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Dermatology

From Academic Kids

Dermatology (from Greek derma, "skin") is a branch of medicine dealing with the skin, its structure, functions, and diseases, as well as its appendages (nails, hair, sweat glands). A doctor who practices dermatology is a dermatologist.

Contents

Scope of the field

The skin is the largest organ of the body and certainly the most visible. Although many skin diseases are isolated, a significant portion of skin symptoms reflects a more generalised disease that affects other organs. Hence, a dermatologist is required to have a working knowledge of basic surgery, rheumatology (many rheumatic diseases can feature skin symptoms), neurology (the "neurocuteaneous syndromes", such as neurofibromatosis and tuberous sclerosis) and endocrinology.

Dermatology is often practiced in tandem with venereology, the specialism that diagnoses and treats sexually transmitted diseases, and phlebology, the specialism that deals with problems of the superficial venous system.

Diagnosis

The first step of any contact with a doctor is the medical history. In order to classify a cuteous eruption, a dermatologist will ask detailed questions on the duration and temporal pattern of skin problems, itching or pain, relations to food intake, sunlight, over-the-counter creams and clothing. When an underlying disease is suspected, a more detailed history of related symptoms might be elicited (such as arthritis in a suspected case of lupus erythematosus).

Physical examination is generally under bright light and involves the whole body. At this stage, the doctor may apply Wood's light, which may aid in diagnosing types of mycosis, or a dermatoscope, which enlarges a suspected lesion and may help differentiating lesions, e.g. between a naevus from melanoma. A morphological classification of dermatological lesions is critical to being able to diagnosis dermatological disorders.

Dermatology has the benefit of having easy access to tissue for diagnosis. Culture or Gram staining of suspected infectious lesions may identify a pathogen and help direct therapy.

If the diagnosis is uncertain, or cutaneous malignancy is suspected, a small punch-hole biopsy can be taken under local anesthetic, to be examined by a specialist of histopathology.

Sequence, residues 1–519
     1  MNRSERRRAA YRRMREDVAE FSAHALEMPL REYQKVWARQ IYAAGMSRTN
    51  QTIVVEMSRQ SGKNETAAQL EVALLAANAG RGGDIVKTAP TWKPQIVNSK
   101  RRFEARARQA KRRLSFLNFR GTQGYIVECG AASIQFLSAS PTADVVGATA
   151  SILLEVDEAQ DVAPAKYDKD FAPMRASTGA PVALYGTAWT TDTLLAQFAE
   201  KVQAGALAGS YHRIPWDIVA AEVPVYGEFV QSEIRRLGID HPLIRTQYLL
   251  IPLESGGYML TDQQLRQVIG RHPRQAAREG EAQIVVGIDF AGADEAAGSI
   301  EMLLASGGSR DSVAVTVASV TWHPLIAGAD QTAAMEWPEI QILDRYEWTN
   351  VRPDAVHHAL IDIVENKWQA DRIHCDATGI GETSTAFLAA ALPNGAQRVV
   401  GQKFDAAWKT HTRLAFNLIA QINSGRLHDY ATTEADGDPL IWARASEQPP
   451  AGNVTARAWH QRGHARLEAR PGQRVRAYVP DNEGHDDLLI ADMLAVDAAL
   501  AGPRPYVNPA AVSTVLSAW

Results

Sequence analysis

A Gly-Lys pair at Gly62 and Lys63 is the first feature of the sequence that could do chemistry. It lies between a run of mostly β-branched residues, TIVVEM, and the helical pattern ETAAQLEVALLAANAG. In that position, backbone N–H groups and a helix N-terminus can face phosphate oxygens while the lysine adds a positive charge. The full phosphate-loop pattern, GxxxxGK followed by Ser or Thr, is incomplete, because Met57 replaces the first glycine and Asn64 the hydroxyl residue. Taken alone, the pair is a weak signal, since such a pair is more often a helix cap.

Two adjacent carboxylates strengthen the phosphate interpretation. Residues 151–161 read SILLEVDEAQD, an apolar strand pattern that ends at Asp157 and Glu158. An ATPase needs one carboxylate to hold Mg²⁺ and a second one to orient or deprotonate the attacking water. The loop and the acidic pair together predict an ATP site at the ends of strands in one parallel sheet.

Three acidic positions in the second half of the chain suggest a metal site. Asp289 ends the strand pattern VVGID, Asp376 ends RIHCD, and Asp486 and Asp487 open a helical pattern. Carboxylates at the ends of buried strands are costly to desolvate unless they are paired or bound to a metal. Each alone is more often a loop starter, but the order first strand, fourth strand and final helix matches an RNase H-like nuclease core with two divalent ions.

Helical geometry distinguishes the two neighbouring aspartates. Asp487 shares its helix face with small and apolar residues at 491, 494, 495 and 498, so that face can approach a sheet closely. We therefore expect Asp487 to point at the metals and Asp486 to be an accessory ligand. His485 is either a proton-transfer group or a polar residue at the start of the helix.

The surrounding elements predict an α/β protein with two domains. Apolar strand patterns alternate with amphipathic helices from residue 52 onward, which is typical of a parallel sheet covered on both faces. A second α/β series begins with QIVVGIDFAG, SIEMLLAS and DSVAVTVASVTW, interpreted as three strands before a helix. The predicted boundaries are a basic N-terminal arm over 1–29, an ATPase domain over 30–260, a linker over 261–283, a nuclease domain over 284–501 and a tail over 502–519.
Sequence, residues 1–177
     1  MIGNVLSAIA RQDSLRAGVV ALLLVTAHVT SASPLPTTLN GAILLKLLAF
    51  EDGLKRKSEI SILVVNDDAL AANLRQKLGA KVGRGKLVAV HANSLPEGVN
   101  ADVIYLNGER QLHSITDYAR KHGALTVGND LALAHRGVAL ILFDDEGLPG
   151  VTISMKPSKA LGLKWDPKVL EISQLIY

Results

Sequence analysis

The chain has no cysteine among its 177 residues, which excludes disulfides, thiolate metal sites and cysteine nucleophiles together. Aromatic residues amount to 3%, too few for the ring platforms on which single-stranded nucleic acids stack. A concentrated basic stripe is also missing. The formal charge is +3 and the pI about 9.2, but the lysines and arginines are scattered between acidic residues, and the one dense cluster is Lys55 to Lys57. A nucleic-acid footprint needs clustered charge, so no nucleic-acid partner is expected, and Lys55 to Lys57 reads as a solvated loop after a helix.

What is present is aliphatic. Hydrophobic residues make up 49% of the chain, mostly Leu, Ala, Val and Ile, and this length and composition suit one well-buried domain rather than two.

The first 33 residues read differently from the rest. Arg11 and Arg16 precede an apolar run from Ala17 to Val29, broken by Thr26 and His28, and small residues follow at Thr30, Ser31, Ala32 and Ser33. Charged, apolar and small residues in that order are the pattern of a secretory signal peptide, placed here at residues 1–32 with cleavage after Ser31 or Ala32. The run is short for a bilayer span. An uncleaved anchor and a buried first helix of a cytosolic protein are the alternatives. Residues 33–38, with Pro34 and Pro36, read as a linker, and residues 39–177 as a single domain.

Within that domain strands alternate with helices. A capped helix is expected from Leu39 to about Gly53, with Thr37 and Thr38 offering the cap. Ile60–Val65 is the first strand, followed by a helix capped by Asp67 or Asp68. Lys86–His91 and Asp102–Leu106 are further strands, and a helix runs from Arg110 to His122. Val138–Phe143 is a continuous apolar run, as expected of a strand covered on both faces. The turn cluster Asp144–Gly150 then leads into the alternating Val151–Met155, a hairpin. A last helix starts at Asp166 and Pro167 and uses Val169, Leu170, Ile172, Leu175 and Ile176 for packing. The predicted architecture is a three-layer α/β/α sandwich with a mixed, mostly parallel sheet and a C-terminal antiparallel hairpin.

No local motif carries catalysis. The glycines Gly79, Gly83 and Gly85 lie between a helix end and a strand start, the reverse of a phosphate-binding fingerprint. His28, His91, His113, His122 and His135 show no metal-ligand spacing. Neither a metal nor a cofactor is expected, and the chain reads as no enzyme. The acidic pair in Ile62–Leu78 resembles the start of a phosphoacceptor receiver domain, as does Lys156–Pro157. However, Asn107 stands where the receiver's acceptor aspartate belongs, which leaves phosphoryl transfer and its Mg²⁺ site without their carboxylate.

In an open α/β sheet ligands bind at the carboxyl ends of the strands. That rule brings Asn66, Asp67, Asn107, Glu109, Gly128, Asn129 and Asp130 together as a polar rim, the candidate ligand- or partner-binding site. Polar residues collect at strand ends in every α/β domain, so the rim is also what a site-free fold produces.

Therapy

Again, the skin is immediately accessible to local therapy, often in the form of creams. Antibiotic creams can help eliminate infections, while inflammatory skin diseases (such as eczema and psoriasis) often respond to steroid creams. Apart from pharmacological ingredients, the base of the cream itself can be often be of benefit, e.g. a fatty cream in diseases that causes dry skin.

While topical medications treat many dermatological diseases, dermatologists also use oral medications. Antibiotics and immune suppressants are most often prescribed for dermatological problems.

Surgical intervention may be necessary, e.g. in varicose veins or skin cancer. Varicose veins can also be treated with sclerotherapy (injecting an agent that obliterates the vein), while skin cancers can be treated with excisions.

Research

Due to the disease burden of many skin diseases, there is a large amount of medical research taking place in the field of dermatology, ranging from skin biology and immune response in the skin to the optimal therapy for psoriasis.

Dermatological diseases

External links



Health science - Medicine
Anesthesiology - Dermatology - Emergency Medicine - General practice - Intensive care medicine - Internal medicine - Neurology - Obstetrics & Gynecology - Pediatrics - Podiatry - Public Health & Occupational Medicine - Psychiatry - Radiology - Surgery
Branches of Internal medicine
Cardiology - Endocrinology - Gastroenterology - Hematology - Infectious diseases - Nephrology - Oncology - Pulmonology - Rheumatology
Branches of Surgery
General surgery - Cardiothoracic surgery - Neurosurgery - Ophthalmology - Orthopedic surgery - Otolaryngology (ENT) - Pediatric surgery - Plastic surgery - Podiatric surgery - Urology - Vascular surgery
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